For professional advisors who regularly work with charitable clients, you are well aware of the tremendous benefits to both clients and charities when a client names a charity, such as a fund at the Community Foundation, as the beneficiary of an IRA or other qualified retirement plan.
So how can you help a client plan ahead to maximize a bequest of retirement fund assets, as well as support increased giving during the client’s lifetime?
A great way to do this is by encouraging clients to maximize their IRA contributions—for many reasons:
- Taxable income “suppression” in the year of the contribution.
- Tax-deferred growth until distribution—and now not required until age 73 of the account owner.
- Ease of changing a beneficiary designation to name the client’s fund at the Community Foundation, which will remove the assets from the client’s taxable estate at death and avoid income tax.
- With retirement plans flowing to charity, leaning into highly-appreciated stock and other property at stepped-up values to make bequests to family or others, effectively erasing the unrealized capital gains for the recipients.
Make sure your charitable clients don’t overlook an important tool in retirement savings maximization (and ultimately charitable giving) known as the “catch-up” contribution. This is the “extra” money that retirement savers aged 50 or older can stash away into their retirement accounts—and into more than one account as applicable.
Advisors and clients might better think of this as a bonus opportunity rather than a “catch-up,” especially if a client has been maximizing their retirement savings all along. Additionally, of course, the catch-up contribution allowance helps a client make up for years when retirement contributions fell short due to earnings or savings interruptions caused by layoffs, caregiving, high-expense years, or similar circumstances.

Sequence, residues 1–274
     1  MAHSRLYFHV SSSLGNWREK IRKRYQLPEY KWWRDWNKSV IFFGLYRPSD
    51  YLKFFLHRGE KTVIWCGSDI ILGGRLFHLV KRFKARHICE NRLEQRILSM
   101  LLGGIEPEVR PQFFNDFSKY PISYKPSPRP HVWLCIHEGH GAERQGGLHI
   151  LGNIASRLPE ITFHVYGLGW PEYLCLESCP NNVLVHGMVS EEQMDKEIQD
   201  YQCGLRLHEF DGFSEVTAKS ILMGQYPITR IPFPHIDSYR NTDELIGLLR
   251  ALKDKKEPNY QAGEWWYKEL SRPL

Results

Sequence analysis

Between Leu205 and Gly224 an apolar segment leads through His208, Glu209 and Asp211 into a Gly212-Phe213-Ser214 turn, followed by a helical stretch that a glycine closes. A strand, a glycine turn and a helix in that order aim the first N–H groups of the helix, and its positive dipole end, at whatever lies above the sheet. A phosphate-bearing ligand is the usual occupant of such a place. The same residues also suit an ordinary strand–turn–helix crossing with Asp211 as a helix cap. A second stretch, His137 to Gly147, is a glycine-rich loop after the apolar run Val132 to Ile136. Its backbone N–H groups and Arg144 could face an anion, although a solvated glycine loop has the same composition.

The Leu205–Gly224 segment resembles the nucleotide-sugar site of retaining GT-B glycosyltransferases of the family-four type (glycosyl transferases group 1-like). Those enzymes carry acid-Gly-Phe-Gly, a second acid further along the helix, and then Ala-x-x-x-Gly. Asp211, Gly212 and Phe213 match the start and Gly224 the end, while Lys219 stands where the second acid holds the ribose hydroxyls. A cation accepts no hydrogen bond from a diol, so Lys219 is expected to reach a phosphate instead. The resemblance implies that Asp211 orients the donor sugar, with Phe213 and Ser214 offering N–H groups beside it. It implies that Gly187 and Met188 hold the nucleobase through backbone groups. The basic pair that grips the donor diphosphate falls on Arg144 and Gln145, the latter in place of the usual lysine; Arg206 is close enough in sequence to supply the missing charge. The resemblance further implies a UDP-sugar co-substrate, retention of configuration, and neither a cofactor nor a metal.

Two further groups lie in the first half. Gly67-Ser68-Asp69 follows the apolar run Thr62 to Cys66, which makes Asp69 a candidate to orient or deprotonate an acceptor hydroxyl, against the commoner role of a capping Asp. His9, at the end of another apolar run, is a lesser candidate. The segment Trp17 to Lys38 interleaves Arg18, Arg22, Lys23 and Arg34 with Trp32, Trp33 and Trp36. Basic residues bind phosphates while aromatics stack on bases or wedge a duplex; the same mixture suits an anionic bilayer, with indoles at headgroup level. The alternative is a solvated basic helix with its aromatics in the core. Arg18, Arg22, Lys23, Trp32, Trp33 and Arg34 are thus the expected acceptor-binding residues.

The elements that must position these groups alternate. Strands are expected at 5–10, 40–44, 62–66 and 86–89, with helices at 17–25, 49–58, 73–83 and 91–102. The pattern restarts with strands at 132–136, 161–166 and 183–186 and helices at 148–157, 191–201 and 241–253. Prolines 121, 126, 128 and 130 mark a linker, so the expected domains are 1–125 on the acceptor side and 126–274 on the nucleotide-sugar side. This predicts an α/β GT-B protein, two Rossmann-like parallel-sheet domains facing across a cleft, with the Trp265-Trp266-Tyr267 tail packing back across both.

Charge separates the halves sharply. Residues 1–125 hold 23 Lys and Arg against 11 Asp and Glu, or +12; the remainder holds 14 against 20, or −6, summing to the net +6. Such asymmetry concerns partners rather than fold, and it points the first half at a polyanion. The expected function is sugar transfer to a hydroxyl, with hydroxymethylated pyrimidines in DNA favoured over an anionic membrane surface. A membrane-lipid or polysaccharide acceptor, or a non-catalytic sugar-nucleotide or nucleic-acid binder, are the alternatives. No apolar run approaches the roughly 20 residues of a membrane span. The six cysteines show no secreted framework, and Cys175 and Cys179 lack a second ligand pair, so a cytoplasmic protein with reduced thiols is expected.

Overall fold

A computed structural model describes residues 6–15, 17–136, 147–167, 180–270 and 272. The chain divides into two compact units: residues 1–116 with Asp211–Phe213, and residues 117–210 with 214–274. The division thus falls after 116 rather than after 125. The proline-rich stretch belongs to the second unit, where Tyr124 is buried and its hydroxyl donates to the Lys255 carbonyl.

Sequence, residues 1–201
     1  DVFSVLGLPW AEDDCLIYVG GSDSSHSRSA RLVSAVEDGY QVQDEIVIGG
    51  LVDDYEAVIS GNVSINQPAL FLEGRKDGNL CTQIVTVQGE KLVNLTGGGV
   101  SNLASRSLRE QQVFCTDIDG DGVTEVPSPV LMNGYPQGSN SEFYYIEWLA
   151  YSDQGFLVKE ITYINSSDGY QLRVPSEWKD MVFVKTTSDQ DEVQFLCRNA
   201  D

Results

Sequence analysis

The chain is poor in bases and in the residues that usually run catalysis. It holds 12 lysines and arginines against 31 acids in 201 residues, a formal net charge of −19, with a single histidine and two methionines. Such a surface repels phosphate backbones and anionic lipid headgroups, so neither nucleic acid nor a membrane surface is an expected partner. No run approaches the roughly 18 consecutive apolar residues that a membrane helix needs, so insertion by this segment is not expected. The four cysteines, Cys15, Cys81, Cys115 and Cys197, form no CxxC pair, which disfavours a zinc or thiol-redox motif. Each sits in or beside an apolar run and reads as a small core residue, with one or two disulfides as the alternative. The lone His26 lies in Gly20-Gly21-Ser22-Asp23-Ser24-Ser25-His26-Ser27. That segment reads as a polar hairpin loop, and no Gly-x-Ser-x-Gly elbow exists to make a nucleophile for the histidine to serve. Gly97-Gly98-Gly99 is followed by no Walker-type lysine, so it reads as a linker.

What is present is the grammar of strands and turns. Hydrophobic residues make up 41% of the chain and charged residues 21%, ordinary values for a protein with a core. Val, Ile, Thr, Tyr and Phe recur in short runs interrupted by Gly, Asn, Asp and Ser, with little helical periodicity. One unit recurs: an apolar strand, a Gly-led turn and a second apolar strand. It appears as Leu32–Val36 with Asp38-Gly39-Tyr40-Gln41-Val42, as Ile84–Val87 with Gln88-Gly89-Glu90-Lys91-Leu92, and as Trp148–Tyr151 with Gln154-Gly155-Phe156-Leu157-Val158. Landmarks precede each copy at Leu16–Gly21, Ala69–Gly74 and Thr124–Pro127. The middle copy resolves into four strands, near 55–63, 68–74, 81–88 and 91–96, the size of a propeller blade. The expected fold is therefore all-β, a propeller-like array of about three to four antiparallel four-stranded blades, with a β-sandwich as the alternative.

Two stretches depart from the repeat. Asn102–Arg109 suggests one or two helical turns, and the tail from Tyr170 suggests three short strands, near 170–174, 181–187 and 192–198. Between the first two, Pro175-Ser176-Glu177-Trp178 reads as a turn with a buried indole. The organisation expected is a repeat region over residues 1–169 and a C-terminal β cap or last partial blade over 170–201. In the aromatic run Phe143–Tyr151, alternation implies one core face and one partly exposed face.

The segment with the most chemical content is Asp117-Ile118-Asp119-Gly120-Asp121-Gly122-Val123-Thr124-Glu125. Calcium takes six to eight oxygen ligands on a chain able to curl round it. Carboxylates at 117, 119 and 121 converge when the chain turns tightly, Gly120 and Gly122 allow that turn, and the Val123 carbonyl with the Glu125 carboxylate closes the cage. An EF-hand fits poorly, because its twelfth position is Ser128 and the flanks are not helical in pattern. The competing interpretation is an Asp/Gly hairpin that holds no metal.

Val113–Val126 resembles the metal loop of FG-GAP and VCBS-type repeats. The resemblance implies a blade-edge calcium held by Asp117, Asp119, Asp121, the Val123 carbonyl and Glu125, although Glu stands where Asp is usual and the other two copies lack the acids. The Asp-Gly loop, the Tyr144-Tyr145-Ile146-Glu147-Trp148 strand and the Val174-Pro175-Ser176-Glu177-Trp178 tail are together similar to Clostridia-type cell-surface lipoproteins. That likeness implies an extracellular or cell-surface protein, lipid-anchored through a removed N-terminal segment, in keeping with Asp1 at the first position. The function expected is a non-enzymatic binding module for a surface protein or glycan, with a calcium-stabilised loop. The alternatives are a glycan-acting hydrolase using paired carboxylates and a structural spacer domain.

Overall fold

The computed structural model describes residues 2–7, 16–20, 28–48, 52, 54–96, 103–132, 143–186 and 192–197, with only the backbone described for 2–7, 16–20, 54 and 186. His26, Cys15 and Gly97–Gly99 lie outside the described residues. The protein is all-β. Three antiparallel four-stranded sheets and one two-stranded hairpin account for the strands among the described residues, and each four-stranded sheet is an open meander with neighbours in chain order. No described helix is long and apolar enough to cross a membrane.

Thanks to the SECURE Act, catch-up contributions have created even more buzz about opportunities for retirement savings, especially as the rules are set to shift in 2024 and 2025. In any event, the effects can be impactful. For example, an extra $1,000 deposited annually from age 50 through 65 earning 6% on average could potentially deliver an extra $27,000 in retirement income at age 65.
From a charitable giving perspective, the greater the IRA balance, the more opportunity there is for a client to give later to charity. What’s more, higher IRA balances can motivate your clients to deploy a Qualified Charitable Distribution strategy, with its many benefits:
- Beginning at age 70 ½, your client can make Qualified Charitable Distributions (QCDs) up to $100,000 in 2023 ($200,000 for married couples) and indexed for inflation beginning in 2024.
- QCD assets can be distributed to a designated or field-of-interest fund at the Community Foundation or to another qualifying public charity.
- QCDs can count toward Required Minimum Distributions for clients who are required to take them.
All in all, IRAs are the most prolific retirement savings vehicle in the United States, accounting for nearly 33% of the $33 trillion of total retirement assets as of December 2022. But regardless of the retirement savings vehicle, contribution maximization—and aided by so-called catch-up contributions—is a winning strategy for wealth building, family gifting, and charitable giving.
For more information contact George Gaskin